Many of us make sub-conscious financial mistakes in our daily lives, such as thinking that something must be a steal just because it?s on a 50% discount right now (this is the anchoring effect at play).
What?s really unfortunate about the sub-conscious mistakes we make – which are also known as behavioural biases – is that they come into play when we invest in the stock market too. There are many behavourial biases that can hurt our investing returns, but let?s turn our attention to three of them in particular.
1. The gambler?s fallacy
Many of us make sub-conscious financial mistakes in our daily lives, such as thinking that something must be a steal just because it’s on a 50% discount right now (this is the anchoring effect at play).
What’s really unfortunate about the sub-conscious mistakes we make – which are also known as behavioural biases – is that they come into play when we invest in the stock market too. There are many behavourial biases that can hurt our investing returns, but let’s turn our attention to three of them in particular.
1. The gambler’s fallacy
Imagine yourself in a casino playing the game of blackjack. The dealer shuffles the cards, and you place your bet. To your dismay, you lose one hand, then two, then three, and finally a fourth.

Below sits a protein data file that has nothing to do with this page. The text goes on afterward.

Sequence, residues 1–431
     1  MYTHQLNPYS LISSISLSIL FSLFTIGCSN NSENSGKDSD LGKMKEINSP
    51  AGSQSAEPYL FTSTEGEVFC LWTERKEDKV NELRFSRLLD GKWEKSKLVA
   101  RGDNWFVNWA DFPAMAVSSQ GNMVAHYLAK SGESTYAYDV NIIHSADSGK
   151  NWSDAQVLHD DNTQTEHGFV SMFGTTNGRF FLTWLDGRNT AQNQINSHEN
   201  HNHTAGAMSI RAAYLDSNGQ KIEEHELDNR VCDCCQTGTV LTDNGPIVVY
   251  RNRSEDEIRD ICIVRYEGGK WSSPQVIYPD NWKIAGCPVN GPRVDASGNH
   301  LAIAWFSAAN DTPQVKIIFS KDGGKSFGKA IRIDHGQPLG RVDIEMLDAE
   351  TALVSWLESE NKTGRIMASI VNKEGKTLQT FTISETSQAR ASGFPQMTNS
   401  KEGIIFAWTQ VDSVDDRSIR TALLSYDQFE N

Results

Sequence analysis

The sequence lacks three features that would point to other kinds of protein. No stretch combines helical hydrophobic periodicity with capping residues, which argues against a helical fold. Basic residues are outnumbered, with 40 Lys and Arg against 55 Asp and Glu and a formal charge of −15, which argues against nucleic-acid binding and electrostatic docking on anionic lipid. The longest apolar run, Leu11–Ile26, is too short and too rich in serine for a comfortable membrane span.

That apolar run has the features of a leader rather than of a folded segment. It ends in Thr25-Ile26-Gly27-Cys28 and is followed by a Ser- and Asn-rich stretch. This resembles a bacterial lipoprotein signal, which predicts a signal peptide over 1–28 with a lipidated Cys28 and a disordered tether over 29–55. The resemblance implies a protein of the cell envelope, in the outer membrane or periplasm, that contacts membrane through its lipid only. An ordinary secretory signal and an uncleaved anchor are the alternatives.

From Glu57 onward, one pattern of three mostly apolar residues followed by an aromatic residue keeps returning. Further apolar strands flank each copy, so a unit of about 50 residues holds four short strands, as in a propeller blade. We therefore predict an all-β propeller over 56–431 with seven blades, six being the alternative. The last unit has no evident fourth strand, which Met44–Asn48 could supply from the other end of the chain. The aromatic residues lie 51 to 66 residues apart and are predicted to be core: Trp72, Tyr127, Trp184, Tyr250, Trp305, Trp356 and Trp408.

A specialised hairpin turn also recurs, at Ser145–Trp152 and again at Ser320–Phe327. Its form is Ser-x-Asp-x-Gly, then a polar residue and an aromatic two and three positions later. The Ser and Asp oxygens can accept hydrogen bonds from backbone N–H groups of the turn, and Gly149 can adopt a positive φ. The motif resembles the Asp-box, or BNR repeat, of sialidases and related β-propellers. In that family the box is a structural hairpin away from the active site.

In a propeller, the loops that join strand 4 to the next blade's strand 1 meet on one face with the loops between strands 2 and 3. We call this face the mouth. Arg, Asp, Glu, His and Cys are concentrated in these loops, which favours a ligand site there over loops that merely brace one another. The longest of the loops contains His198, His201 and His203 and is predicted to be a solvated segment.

In that instant, you may think to yourself: “Since I’ve lost four in a row, I should be due to win the fifth.”
But statistically, how often you have won or lost in the previous rounds does not affect your future outcomes. The stock market functions in the same way. For example, just because a stock has been falling does not mean that it is guaranteed to turn around and increase in value in the future.
2. The “House Money” fallacy
Let’s take a look at the aforementioned casino scenario one more time. Imagine walking in with $2,000 and then winning $3,000. Many people would regard the $3,000 as the “house’s money” and tend to be more reckless when betting with that capital.
In the stock market, some investors who have unrealized gains from their investments may take more risk thinking that they are now “in the money.” What these investors fail to notice is that every dollar they have in the stock market is their own regardless of whether it is their initial invested capital or unrealised gains they have enjoyed from a stock.
3. The self-attribution Bias
This bias describes the tendency for people to attribute successful investment outcomes as a result of their own research analysis while blaming negative outcomes purely to forces beyond their control
This bias can be dangerous as it may result in the investor making poor decisions continually over the long run, as they will not actively recognize and learn from the mistakes they have committed in the past.
Behavioural biases are pernicious because they often occur sub-consciously. It’s not something we can simply will away. But there are corrective steps we can take – and the very first step is simply being aware that we humans, as a whole, are susceptible to behavioural biases.
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